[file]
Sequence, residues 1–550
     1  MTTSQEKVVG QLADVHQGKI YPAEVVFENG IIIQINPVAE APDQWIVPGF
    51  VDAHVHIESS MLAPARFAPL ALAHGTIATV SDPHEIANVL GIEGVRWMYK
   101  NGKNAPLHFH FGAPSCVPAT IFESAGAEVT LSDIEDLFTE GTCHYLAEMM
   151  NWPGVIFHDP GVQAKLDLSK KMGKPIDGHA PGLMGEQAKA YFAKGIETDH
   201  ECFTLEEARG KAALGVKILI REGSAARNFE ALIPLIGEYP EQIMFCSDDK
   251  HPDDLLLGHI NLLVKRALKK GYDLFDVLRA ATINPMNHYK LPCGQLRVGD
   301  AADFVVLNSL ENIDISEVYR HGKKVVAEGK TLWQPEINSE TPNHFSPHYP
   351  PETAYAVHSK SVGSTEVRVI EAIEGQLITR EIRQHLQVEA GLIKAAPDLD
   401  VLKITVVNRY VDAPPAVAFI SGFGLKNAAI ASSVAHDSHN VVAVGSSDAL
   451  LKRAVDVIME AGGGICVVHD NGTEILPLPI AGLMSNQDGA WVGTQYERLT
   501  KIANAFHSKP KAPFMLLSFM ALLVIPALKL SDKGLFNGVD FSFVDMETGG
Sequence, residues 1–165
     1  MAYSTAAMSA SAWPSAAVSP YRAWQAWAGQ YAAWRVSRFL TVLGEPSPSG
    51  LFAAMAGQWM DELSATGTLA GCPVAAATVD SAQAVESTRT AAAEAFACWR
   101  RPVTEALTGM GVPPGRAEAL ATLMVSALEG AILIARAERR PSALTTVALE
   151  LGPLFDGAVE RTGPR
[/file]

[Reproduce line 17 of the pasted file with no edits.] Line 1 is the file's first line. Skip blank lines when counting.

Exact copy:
   151  LGPLFDGAVE RTGPR